A better elimination of target proteins

PROTACs lead to the degradation of the protein of interest, which is cleared from the cells and by this the accumulation of target proteins is eliminated. The use of small molecule inhibitors blocks the protein of interest and might stabilize the protein structure, which extends their half-life, additionally longer inhibition of protein function could trigger further and increased expression of the protein of interest, which is both avoided by the special function of PROTACs.

An improved selectivity and specificity

The degradation of the protein of interest is dependent on the formation of a stable complex of the protein of interest, PROTAC and the E3 ligase relying on an appropriate interaction of the E3 ligase and the protein of interest. Since, the molecular structure of protein of interest and E3 ligase is depended for PROTAC function, the selectivity and specificity of PROTACs is increased compared to small molecules.

What are the challenges in PROTACs development for targeted cancer therapy?

However, not only advantages of PROTACs are reported, but the development of PROTACs also underlies certain challenges.

  • Implementing molecular enhancements: PROTACs have by nature a higher molecular weight, which lowers cell permeability, solubility and decreases oral bioavailability. Additionally, PROTACs are more open to metabolic clearance, since they consist of more metabolic sites. Hence, pharmaceutical properties of PROTACs need further improvement.
  • Overcoming resistance to PROTAC treatment: The function of PROTACs relies on the expression of their specific E3 ligase. The reduced expression of these ligases in certain tumors could cause resistance to the PROTAC treatment.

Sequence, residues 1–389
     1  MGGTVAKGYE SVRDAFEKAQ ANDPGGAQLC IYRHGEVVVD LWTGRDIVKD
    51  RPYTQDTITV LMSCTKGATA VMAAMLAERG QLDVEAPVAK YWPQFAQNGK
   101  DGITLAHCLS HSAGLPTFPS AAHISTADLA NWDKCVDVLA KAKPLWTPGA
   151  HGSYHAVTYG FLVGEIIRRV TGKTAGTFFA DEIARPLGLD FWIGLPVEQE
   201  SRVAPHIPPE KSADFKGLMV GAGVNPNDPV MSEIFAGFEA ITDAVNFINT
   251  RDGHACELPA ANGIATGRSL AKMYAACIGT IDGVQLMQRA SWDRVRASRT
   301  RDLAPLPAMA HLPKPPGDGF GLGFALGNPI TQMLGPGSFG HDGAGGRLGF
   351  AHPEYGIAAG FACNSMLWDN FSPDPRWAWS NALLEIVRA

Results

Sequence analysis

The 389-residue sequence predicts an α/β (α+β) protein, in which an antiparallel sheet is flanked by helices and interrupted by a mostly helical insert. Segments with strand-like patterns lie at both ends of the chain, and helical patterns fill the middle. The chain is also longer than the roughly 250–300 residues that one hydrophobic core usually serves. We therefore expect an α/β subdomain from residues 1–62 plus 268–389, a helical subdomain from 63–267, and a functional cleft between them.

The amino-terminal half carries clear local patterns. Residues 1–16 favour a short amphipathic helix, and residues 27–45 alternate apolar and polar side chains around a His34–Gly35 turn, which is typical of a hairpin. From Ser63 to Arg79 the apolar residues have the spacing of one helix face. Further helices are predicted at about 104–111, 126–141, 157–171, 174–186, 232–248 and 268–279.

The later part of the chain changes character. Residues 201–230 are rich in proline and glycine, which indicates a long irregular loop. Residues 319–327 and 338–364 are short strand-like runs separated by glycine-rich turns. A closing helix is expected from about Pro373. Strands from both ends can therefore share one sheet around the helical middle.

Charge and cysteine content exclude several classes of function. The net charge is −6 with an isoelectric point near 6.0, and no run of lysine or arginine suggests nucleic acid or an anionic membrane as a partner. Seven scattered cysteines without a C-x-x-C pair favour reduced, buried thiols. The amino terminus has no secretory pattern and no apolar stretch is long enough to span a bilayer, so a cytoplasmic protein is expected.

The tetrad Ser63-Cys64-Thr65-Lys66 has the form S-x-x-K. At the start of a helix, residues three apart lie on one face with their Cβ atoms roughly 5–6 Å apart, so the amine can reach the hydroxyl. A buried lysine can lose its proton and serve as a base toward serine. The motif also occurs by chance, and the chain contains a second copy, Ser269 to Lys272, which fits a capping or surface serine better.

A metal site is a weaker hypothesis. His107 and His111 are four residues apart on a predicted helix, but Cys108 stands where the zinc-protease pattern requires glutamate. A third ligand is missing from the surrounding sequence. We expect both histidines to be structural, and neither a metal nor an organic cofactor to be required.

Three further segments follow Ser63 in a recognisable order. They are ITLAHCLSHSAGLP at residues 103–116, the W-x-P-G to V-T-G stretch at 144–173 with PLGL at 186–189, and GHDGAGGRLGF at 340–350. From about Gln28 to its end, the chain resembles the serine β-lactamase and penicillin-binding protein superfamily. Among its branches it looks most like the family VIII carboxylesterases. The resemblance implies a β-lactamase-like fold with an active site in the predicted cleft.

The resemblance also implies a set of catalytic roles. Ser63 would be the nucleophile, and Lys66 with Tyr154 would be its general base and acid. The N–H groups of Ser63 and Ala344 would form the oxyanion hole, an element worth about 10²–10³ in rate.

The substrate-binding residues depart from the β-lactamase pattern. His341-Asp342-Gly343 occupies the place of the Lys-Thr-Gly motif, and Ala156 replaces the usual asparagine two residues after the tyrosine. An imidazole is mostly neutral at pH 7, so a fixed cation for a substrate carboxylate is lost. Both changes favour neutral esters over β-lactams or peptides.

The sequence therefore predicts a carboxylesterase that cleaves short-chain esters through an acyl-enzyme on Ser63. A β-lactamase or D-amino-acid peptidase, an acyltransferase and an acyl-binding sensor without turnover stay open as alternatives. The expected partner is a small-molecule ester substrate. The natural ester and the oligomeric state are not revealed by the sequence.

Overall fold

• Minimizing off-target effects: PROTAC treatment could lead to off-target effects. The degradation and full clearance of the protein of interest could cause negative effects on additional proteins in the cell environment.
  • Expanding ligase diversity for enhanced specificity: So far, only a small minority of E3 ligases is employed for PROTAC function and warheads for the protein of interest are often based on known inhibitors for these proteins. Thus, the advantage of PROTACs to target undruggable proteins is not yet fully employed and warhead discovery for undruggable proteins needs to be impelled. Additionally, over 600 human E3 ligases are known and theoretically available for PROTAC development, however the vast majority of generated PROTACs relies on the two E3 ligases, Cereblon and Van-Hippel-Lindau. E3 ligases display a very heterogenous expression pattern in tissue and tumor type, as well as cellular compartment and cell state. Thus, generating PROTACs recruiting E3 ligases with a specific expression profile increases the specificity of PROTACs and might avoid drug resistance.